If you’re an entrepreneur, you work, build and earn for yourself. Lacking the security of another’s business to help fund your later years, you must take special care saving for the future – beginning with now.
Start with the end in mind. Understand the prospects and limitations of your business – including when and how you’ll exit. If you already run a business, know your business type and how that type affects potential ways you can eventually exit or sell.
Your own individual retirement account is generally exempt from the reach of creditors, but an inherited account may not be. If you plan to pass on an IRA to heirs, read on to learn how to better safeguard the money.
For most folks, when you reach 70½, you must start taking money from your retirement accounts every year. A little flexibility exists in the first year for you to plan withdrawals to your tax advantage.
For forever and a day, conventional planning wisdom said don’t use your individual retirement account funds to buy an annuity, primarily because traditional annuities featured tax deferral. Recent changes in annuities may alter this conventional wisdom.
If 20-somethings ask me what to do to get ahead financially, I have a laundry list: create a budget, start investing now, be smart about your taxes and so on. If I absolutely have to narrow it down to one thing, I’d say, open up a Roth individual retirement account.
Saving for retirement means you must sort out countless and confusing options from 401(k)s to individual retirement accounts. How much you make and whether you’re self-employed or have a company-sponsored retirement plan are just a few criteria to determine which to chose. One of your first questions: What’s the difference between a traditional IRA and a Roth IRA?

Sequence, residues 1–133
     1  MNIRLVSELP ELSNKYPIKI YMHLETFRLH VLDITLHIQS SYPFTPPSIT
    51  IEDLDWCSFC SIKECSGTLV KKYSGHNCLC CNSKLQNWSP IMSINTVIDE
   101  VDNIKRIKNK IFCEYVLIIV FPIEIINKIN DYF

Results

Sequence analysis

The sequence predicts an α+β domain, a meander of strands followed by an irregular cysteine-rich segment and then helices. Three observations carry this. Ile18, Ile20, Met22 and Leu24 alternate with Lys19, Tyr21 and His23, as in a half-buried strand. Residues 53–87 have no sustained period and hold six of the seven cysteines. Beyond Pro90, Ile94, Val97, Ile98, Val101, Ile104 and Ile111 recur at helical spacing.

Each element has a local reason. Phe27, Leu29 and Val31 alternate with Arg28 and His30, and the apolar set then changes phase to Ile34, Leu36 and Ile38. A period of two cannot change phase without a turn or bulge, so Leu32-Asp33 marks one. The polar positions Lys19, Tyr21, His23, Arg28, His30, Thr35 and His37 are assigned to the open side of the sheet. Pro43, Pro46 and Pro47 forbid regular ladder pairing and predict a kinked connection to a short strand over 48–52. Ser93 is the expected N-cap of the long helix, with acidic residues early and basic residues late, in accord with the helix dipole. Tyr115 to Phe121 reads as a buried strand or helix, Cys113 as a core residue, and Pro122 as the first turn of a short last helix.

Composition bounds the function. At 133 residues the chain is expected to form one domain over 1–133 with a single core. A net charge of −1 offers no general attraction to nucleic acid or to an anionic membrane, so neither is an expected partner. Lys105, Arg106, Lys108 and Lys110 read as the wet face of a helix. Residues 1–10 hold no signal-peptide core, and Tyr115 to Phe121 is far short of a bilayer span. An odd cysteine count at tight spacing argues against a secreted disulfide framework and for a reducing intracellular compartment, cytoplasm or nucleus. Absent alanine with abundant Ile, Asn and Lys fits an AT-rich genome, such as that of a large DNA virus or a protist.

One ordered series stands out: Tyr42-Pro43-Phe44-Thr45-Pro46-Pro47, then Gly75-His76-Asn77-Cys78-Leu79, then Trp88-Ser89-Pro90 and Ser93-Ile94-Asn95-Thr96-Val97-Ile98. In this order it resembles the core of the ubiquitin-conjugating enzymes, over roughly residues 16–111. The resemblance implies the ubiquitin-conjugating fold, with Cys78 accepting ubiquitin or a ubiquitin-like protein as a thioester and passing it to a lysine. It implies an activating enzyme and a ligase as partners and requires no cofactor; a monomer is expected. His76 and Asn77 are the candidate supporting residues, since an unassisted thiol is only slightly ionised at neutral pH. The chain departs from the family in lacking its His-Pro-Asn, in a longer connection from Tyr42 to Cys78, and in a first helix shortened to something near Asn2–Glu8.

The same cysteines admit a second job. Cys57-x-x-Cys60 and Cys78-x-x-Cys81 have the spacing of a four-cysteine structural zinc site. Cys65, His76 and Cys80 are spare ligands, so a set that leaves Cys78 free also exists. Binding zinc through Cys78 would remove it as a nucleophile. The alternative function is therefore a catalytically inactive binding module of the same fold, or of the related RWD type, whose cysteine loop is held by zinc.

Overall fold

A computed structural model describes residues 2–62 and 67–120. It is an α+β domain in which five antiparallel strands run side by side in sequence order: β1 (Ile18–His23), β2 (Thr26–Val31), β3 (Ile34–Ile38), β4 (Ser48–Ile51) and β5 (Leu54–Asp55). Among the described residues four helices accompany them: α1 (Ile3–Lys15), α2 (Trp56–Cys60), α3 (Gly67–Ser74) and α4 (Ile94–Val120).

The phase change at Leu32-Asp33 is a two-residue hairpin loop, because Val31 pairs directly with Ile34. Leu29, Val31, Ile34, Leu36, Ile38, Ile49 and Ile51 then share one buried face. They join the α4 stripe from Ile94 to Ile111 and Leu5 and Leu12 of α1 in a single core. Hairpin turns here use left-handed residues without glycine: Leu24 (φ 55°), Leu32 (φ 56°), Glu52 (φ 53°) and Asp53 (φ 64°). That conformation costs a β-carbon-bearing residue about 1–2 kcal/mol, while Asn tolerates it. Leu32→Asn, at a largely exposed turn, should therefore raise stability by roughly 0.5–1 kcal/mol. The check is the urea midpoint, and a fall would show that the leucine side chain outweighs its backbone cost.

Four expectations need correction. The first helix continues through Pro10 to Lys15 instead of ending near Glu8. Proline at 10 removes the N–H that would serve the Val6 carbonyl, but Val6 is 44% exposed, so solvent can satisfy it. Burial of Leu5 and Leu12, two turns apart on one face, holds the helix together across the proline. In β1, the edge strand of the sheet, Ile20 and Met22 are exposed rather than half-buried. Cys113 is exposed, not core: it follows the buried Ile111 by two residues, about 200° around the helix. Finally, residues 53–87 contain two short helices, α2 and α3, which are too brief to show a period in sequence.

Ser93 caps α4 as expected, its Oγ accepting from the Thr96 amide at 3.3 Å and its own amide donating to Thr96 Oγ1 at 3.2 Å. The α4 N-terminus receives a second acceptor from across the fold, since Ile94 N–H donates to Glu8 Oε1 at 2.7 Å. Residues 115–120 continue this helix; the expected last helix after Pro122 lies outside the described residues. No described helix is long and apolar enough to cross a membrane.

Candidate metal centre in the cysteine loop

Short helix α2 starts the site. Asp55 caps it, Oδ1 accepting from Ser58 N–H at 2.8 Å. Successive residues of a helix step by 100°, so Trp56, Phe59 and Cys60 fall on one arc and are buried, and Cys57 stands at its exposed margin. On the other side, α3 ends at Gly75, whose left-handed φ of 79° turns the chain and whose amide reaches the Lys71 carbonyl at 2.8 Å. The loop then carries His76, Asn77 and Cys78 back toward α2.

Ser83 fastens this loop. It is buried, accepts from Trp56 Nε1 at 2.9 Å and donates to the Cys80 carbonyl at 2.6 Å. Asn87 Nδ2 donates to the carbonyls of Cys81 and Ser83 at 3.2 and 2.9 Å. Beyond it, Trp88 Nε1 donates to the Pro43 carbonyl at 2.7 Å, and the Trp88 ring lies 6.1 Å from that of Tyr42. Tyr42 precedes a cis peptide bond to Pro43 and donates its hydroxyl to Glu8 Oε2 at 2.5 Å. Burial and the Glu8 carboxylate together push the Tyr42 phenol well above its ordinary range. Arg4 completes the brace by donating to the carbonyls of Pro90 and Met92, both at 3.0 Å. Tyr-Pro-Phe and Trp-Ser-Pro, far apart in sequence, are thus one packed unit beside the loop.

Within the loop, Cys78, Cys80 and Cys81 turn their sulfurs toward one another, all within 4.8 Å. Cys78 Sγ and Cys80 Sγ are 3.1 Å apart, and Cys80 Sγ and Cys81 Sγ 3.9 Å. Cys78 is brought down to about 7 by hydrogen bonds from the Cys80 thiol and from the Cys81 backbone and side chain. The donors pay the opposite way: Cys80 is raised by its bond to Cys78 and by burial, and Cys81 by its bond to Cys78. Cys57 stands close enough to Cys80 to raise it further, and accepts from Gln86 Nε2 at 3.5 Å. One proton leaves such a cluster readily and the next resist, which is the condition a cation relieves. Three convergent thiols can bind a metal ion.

Many clients at our firm ask this when looking to maximize retirement savings. To understand which option may be better, let’s look at the differences and nuances between the two types of accounts.
When you put earned income into a tax-deferred account such as an individual retirement account or a 401(k), Uncle Sam eventually wants those taxes. The Internal Revenue Service requires you to take required minimum distribution (RMD) withdrawals. You must know when and how much to take, though, or you face hefty penalties.
Here are the top five mistakes people make with RMDs and how to avoid them:
Being your own boss means providing for your own retirement. It means that there isn’t an employer looking over your shoulder who will sign you up for a plan. You have to be more proactive in setting the money aside. But how?
Having a variable income, which is often the case for people who own their own businesses, may make it harder to budget. When it comes to saving for your future self, where do you start and which is the best option? Read on for an overview of three retirement accounts that are great options for entrepreneurs.